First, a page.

Buying a Washing Machine: What to Look For

Let’s start by breaking down what elements you should be on the lookout for when you’re scouring your local home appliance store.


Let’s start by breaking down what elements you should be on the lookout for when you’re scouring your local home appliance store.

Top Load vs. Front Load Washers: Pros Cons

One of the first differences you’ll see when you start shopping for washers is whether they’re top-loading vs. front-loading. You’ll also notice there are two types of top-loading machines: the traditional model with a central agitator and the increasingly popular high-efficiency top-loader.

Here’s your guide to the pros and cons of each:

Top-Loading Washers: Overall Pros

No back-breaking bending over here, folks. These guys are often considered easier to load than front-loading models.

Central Agitator: Pros

Agitator models are often the most inexpensive option.

They are fast to complete a wash and rinse cycle.

They are easy to keep clean.

High-Efficiency: Pros

High-efficiency models can have as large a capacity as front-loaders.

High-efficiency models are gentle on fabrics, good at cleaning, quiet, and use less water than agitator models.

Top-Loading Washers: Overall Cons

They can be deep and hard to reach into for shorter people. When you’re shopping, reach into one to see how difficult it would be for you to pull out laundry.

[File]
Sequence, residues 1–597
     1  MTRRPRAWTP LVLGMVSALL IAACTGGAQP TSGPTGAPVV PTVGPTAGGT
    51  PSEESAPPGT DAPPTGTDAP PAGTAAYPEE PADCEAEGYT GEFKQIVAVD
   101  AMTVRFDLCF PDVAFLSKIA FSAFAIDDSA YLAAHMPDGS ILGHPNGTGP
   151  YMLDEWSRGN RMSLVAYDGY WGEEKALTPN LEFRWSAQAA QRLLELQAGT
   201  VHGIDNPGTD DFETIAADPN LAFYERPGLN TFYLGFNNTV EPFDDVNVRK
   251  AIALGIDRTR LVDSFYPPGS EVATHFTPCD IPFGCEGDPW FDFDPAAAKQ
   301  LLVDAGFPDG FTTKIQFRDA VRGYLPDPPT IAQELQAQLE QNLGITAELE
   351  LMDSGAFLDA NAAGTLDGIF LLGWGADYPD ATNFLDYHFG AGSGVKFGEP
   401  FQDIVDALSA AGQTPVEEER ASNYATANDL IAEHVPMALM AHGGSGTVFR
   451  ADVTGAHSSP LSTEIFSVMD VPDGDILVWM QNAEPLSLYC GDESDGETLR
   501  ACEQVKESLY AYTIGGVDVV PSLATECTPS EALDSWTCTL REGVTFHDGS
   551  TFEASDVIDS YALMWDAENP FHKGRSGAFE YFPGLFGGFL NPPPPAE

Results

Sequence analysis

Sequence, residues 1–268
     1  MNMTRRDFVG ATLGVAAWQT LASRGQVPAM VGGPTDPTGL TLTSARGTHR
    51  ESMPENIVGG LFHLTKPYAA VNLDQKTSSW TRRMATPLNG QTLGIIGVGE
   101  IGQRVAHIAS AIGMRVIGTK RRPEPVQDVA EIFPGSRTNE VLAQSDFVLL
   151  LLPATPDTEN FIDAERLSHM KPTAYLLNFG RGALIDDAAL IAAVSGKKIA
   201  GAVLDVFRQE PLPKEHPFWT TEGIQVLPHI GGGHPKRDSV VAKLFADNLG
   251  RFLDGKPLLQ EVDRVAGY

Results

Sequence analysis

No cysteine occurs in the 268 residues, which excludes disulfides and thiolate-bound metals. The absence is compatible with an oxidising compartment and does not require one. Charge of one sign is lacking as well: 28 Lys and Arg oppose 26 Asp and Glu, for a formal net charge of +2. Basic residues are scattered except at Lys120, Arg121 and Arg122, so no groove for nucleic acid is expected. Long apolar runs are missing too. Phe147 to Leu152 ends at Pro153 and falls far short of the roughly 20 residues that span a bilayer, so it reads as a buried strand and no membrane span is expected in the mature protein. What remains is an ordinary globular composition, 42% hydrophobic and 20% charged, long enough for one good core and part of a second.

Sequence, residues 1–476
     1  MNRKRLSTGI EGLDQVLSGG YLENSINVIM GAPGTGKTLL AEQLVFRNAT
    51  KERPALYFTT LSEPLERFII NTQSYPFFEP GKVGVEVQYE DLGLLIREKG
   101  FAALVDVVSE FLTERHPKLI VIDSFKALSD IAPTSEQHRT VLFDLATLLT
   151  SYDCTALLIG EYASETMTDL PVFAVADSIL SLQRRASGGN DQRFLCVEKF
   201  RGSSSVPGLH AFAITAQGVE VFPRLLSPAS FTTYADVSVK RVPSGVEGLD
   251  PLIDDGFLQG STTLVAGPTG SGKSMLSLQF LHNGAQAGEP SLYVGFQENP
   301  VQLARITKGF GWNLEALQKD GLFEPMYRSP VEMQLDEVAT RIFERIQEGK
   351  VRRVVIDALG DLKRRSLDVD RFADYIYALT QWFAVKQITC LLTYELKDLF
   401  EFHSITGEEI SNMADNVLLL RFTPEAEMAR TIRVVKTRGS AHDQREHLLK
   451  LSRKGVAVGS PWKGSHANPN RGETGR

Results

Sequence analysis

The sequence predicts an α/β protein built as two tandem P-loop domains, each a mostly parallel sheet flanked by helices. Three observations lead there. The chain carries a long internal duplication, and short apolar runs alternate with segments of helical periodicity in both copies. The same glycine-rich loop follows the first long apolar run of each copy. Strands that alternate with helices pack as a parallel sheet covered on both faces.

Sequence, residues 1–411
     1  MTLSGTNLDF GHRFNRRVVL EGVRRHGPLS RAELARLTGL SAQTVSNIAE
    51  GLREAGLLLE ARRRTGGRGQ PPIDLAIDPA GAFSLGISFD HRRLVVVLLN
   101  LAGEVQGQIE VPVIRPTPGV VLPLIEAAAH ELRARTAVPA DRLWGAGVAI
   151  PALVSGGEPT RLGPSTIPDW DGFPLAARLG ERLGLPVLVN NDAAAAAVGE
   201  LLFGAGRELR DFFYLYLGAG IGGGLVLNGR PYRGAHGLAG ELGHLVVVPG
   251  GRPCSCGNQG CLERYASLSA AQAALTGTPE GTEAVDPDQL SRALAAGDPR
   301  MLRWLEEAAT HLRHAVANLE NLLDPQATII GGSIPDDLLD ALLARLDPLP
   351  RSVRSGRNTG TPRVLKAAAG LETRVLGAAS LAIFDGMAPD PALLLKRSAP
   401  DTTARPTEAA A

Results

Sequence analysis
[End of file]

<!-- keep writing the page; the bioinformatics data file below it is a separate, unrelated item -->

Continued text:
Central Agitator: Cons

Agitator models use the most water.

They usually have the smallest capacity (not necessarily a bad thing depending on your needs) due to the central agitator taking up room.

They cause more wear-and-tear on clothes due to the agitator.

Although they have a short wash cycle, clothes retain a lot of water, so the dryer time needed is longer.

High-Efficiency: Cons

High-efficiency models use more water than most front-loading machines.

Their wash cycle times are longer.

They require special HE detergent.

Front-Loading Washers: Pros

Front-loaders often have the biggest capacity but use the least amount of water and energy.

You can wash even small loads in them, as they adjust water amount to fit load size.

Its finishing spin cycle leaves clothes quite dry, shortening dryer time needed.

A dryer can be stacked on top for a space-saving solution.

Front-Loading Washers: Cons

Front-loading washers are often the most expensive option.

They require lots of bending over when doing laundry.

A regular wash/rinse cycle is long, about 70-110 minutes (although this is because it uses less water, giving clothes time to get clean).

Historically, front washers would vibrate against the floor during the spin cycle, though most models nowadays don’t have this problem.

They can sometimes develop mold and mildew if not left open to air-dry.

We hope this guide helped you choose the correct washing machine for your requirements. Click to find more helpful advice on buying a washer Washer Motors | Washing Machine Motors  with other great tips!


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